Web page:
At this point, I let the students know what I had in mind. I told them that we were going to do a research project that afternoon. They would be learning about one animal to determine what adaptations it had that would help it win a battle when opposing another animal. They were psyched! Right before they went out for afternoon recess, I asked students to state their preference for which of the eight animals they wanted to study. They listed their first, second, and third choices on a sticky note.

    Create the Teams

    While the students were outside, I quickly went through their preferences and assigned everyone to one of the animals they listed. Because I knew our time was limited I took personality and strengths into mind when creating the groups, while still respecting their preference order.

    Explain the Assignment

    Students returned from recess and gathered on the carpet. I passed out a note organizer I’d made quickly while they were at recess, then explained that they were going to do a mini-research project about their animal. They would have 60 minutes to work with members of their team to:

    ·       research their animal using books and online resources

    ·       create one poster with text and photos that taught classmates about their animal and its special adaptations

    ·       be prepared to present their poster and defend why it would win the “battle.”

    Ready, Set, Go

    With the clock ticking, students quickly set to work. Most teams divided the work up between the group’s members, with some researching while others began creating the poster.

      

      

      

      

    Time’s Up!

    At the 60-minute mark, everyone cleaned up their area and reported to the class meeting area with their posters. Looking around, I was amazed by what was accomplished in such a short amount of time. Because it was nearly time to pack up for dismissal at this point, I told students we would be doing the presentations first thing the next morning. The posters were hung up, side by side with their partner animal.

    So…Who Would Win?

    Because our author was due to arrive in less than an hour, we started the next morning with the animal vs. animal presentations. Again, it was evident that the students rose to the occasion. The leopard group shared first followed by their partner, the cheetah. Students listened to the presentation and were able to draw conclusions based on what they’d heard. My third graders decided that the leopard would win because while the cheetah is faster, it can only run at top speed for a very short amount of time before it tires quickly and needs to rest. The leopard, while not as fast, can run for much longer periods of time, therefore, it could escape the tired cheetah. While I wasn’t sure how the tick vs. flea research would go, the kids were enthralled. I have to admit that I was impressed when the class determined that the tick would win, because it is an arachnid that eats any insect in its path and a flea is just that, an insect.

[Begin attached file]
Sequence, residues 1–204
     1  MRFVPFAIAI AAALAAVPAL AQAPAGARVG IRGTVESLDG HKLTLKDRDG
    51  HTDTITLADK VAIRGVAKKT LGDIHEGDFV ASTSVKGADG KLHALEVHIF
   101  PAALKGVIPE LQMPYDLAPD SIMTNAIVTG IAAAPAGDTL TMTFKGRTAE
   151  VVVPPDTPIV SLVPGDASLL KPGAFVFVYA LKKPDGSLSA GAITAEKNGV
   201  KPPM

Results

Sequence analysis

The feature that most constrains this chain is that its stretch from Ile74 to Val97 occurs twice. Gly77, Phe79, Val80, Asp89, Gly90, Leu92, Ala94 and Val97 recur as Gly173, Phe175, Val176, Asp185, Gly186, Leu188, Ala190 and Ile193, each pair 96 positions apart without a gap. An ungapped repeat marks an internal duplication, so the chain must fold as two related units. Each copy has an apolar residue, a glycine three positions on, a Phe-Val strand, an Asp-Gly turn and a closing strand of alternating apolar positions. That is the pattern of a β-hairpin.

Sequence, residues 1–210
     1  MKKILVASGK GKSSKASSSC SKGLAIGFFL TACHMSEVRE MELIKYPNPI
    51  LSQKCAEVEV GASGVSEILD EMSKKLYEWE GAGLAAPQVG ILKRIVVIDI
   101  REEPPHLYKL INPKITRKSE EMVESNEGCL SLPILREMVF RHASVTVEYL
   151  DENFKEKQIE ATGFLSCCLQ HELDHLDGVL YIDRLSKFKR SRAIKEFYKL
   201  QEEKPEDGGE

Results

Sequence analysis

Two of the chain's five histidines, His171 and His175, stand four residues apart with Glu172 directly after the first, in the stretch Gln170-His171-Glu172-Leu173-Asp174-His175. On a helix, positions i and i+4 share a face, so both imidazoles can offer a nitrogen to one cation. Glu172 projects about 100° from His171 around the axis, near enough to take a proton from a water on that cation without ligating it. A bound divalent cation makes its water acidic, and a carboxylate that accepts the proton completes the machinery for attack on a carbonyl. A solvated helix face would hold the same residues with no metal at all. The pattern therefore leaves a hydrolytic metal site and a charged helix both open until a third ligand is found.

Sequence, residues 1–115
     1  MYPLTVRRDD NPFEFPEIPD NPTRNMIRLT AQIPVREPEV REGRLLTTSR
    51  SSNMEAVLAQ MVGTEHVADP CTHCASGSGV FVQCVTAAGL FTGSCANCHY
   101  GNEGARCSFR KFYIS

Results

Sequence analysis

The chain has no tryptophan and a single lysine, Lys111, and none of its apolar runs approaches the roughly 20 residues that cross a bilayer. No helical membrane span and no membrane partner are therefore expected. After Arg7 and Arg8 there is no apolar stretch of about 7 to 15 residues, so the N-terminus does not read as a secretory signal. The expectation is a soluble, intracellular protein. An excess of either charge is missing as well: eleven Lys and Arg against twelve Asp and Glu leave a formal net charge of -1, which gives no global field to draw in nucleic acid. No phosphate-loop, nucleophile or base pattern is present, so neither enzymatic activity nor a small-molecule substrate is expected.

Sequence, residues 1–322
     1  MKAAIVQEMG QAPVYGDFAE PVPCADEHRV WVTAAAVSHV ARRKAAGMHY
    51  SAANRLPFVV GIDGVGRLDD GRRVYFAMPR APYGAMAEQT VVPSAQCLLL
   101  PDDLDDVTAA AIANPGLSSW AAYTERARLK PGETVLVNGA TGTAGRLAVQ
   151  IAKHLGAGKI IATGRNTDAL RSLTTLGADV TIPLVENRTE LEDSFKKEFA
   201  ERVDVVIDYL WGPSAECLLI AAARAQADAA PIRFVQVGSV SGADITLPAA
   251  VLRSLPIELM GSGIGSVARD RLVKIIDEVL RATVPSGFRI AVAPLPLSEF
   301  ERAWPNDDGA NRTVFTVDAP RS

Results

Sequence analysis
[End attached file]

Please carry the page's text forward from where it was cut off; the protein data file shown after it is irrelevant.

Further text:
The Author Visit

    We thoroughly enjoyed our visit with Pallotta. He captured the attention of all students as he talked about his childhood, how he became an author, and his many books. He even gave students a sneak peek at drafts of what was to be his next book, Alligator vs. Python. When my class heard that, they erupted. They had just studied crocodile vs. python!

    When the author came back to our room, the kids showed off the posters they had made. He truly seemed to love them, snapping pictures and texting them to his wife! He was also kind enough to gift each student with books that he autographed.

     

     

    I absolutely loved seeing what my students were able to accomplish in only 60 minutes. Driven by their own curiosity, I had never seen them work harder during an hour-long block of time. This accidental project was so much fun, and such a great learning experience, it’s now found its way into my plan book every year since — and that’s no accident.

    Thanks for reading,

    Genia

Comments

Share your ideas about this article

Genia's Most Recent Posts
Blog Post
Games and Activities to Build Student Vocabulary

Put your reference books to help students power-up their vocabulary with games and activities that make the most of dictionary skills, idioms, antonyms, and synonyms.

By Genia Connell
January 5, 2017
Blog Post
Video Selfies to Improve Fluency

Give your students an assignment to make a 60-second video of themselves reading aloud to show off their fluency skills, and you may discover that they wind up reading for hours in the course of filming their video selfie.

By Genia Connell
December 8, 2016
Blog Post
Chalk Talks to Engage All Students

Chalk Talks are reflective routines that allow all students to simultaneously share their thoughts, ideas, and wonderings in a judgement-free zone. 

By Genia Connell
October 13, 2016
My Scholastic

Susan Cheyney

GRADES: 1-2
About Us